Especially from those with “Web3”, “DeFi”, or “crypto” in their names.
Since institutions handle large sums of money and face strict regulations, they can’t afford to be sold on random marketing materials. No matter how well-crafted they may be.
Instead, they prefer to rely on referrals from trusted sources (a partner, consultant, service provider, etc.), warm introductions, and thorough research before meeting in person.
This is important to understand.
And this is why the question about having institutions as INBOUND leads is naive and incorrect at its core.
For clarity, an inbound lead implies that someone scrolls through your content gets convinced at some point, and decides they want to reach out to you.
Now, let’s try to imagine this with a multi-million dollar hedge fund. Its manager binge-reads your fantastic articles, gets inspired on the 5th one or so, and suddenly decides:
MAAAN! I’m impressed! I have to work with these Web3 guys at all costs. Can’t wait to jump on a call with them!
Unfortunately, the institutional world doesn’t work like this.
It’s always on you to find approaches to them and prove that you are trustworthy.
Just forget about your inbound dream. And actually about the magic power of marketing here.
Instead, try to do this.
2) Instead of relying on marketing, sweat for business development and cultivating relationships
In the institutional world, building personal relationships is crucial. Institutions want to work with people they personally know, trust, and have a good rapport with.
As you might have guessed, both trust and rapport take time to develop. You must be patient.
So where do you start?
In the beginning, I’d recommend the following simple steps:
- Compile a list of target companies you want to pitch to (let’s call them your ICAs).
- Define your ICA’s network. Find out whom they work or partner with — legal, financial consultants, advisers, ambassadors, custodians, etc. In today’s overly-transparent world, it’s just impossible not to find this information.
- Reach out to these partners. Send them direct messages to start a conversation. Keep it professional and concise.
Later, you could ask them for a warm introduction to your dream institutional client.
So how exactly do you reach out?
4. Use LinkedIn.
As simple as it sounds.
It works better than any hyped conference promising you tons of leads and deals signed right on it.
But what kind of message should you send to get a guaranteed response?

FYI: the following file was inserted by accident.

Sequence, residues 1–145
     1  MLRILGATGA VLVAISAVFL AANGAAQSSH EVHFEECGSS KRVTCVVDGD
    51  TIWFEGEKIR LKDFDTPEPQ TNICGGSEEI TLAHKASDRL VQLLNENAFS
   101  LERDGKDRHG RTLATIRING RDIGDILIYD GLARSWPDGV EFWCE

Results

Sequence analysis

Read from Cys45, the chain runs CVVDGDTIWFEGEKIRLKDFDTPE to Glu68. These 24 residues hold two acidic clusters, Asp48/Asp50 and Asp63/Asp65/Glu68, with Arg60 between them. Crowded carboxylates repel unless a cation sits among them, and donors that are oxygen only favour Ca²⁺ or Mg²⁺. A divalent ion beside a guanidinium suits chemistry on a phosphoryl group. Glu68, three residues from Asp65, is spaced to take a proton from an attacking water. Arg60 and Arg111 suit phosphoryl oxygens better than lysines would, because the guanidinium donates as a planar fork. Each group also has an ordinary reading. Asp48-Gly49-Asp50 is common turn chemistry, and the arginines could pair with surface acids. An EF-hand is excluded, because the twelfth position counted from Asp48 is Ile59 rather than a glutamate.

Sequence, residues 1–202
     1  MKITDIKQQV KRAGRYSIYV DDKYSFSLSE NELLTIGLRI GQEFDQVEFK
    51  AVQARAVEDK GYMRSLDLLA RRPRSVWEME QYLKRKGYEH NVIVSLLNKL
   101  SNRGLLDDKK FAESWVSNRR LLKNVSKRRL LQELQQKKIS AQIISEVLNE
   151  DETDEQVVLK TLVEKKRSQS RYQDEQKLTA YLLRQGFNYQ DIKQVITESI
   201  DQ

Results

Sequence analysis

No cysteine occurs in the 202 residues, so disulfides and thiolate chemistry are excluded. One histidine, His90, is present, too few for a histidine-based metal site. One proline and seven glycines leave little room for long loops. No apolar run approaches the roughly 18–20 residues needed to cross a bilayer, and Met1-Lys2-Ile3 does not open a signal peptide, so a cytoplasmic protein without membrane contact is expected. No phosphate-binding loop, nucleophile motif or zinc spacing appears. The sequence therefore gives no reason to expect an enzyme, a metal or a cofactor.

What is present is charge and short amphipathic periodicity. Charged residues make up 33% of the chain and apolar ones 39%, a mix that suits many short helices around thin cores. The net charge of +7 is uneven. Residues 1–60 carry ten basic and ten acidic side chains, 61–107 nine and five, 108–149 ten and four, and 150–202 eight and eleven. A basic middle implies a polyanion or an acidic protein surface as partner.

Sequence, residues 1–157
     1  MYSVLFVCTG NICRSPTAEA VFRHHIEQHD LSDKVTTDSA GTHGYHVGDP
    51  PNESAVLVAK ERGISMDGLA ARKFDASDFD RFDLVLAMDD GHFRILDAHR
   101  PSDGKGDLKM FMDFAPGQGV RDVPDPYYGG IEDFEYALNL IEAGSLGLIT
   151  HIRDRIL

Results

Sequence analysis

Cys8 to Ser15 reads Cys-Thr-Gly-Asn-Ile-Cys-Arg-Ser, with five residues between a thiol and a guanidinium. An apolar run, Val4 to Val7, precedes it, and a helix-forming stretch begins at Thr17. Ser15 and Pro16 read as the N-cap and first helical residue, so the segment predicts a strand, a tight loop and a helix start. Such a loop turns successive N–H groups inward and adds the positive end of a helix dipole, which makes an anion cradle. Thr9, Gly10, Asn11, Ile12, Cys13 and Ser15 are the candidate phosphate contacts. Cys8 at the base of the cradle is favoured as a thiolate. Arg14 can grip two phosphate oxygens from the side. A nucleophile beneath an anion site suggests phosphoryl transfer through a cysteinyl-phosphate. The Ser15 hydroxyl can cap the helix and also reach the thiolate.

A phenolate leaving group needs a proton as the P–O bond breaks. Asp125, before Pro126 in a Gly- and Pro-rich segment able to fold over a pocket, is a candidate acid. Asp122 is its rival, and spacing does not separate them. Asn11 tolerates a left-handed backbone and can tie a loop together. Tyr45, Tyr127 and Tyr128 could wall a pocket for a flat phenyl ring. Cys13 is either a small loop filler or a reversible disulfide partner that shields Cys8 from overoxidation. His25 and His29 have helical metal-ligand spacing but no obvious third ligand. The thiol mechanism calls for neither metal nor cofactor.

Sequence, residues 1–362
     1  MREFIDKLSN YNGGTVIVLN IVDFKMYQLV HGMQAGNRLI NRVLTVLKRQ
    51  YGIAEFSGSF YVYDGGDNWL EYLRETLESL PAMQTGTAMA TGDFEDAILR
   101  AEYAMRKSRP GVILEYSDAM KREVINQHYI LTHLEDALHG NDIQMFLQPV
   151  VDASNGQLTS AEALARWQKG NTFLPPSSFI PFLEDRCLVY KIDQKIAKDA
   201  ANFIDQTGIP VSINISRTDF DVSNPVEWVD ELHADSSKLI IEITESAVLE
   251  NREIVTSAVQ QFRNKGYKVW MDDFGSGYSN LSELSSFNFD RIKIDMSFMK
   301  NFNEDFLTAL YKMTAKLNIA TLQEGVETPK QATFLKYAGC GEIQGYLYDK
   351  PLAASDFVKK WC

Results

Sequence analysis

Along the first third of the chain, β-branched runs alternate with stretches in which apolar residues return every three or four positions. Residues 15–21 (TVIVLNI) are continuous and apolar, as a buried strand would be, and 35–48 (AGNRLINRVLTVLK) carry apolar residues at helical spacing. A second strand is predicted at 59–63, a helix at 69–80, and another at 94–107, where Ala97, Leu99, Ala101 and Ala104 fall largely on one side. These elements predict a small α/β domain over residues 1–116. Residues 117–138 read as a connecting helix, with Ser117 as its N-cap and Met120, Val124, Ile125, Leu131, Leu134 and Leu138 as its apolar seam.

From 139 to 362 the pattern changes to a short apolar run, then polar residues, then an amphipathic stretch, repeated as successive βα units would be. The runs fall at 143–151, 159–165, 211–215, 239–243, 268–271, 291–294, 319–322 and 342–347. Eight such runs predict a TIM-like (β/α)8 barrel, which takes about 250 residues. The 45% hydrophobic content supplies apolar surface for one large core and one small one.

Lemme show you a good and bad example, so you understand better.
(Wordy, vague, require me to invest time in reading their pitch deck and figuring out what exactly they want from me)
Good example (could be better, but did well for me)
(Short; addresses the objections right off the bat — yes, we’re compliant, partner with a regulated custodian; shows relevance — I need you as a market maker or as an arbitrageur. No pitch decks or heavy features descriptions)
- An intro call to see if we vibe. If we do, then goes a group chat creation.
- A few more calls with product and tech teams.
- Regular convos on how things are going/sharing updates.
- Let’s catch up and have a drink? 🍹🍹🍹
A honeymoon phase of getting to know each other and establishing relationships.
After that, you can ask for a warm introduction to your target.
Welcome to the world of business development! 🎉🎉🎉 (Kidding! 😂)
However, it’s not as weird as it sounds.
In fact, all the participants are interested in having personal time- and battle-tested connections.
Ok, now let’s review the essential rules for successful first-touch conversations.
Unfortunately, while these rules may appear to be obvious, many sales and business development professionals struggle to implement them correctly, resulting in disappointing outcomes.
So here they are:
- Show respect for their time (coz time is the most expensive currency today. They don’t have to pay it to you)
- Show relevance right off the bat: I reach out because you do this, and I do this. This is where we align.
- Predict objections: I guess your main concerns are XYZ. Here is how we address them.
- Show that you’re flexible: we are happy to give you a-la-carte terms that work best for you.
- Show that you know people from their circle: By the way, I know Joe Doe and John Smith from your circle and already partner with a partner of your partner.
For God’s sake, AVOID:
- drying their brain with sales pitch decks, tech details, and anything they don’t ask about
- salesperson tone
- nebulous crypto rants about disruption and saving the world from the darkness.
This was how I got 80% of my institutional funnel.
No fancy networking events were needed.
In fact, these free and simple actions brought me 10X results compared to any other tactics I applied.
Hyped crypto conferences make no sense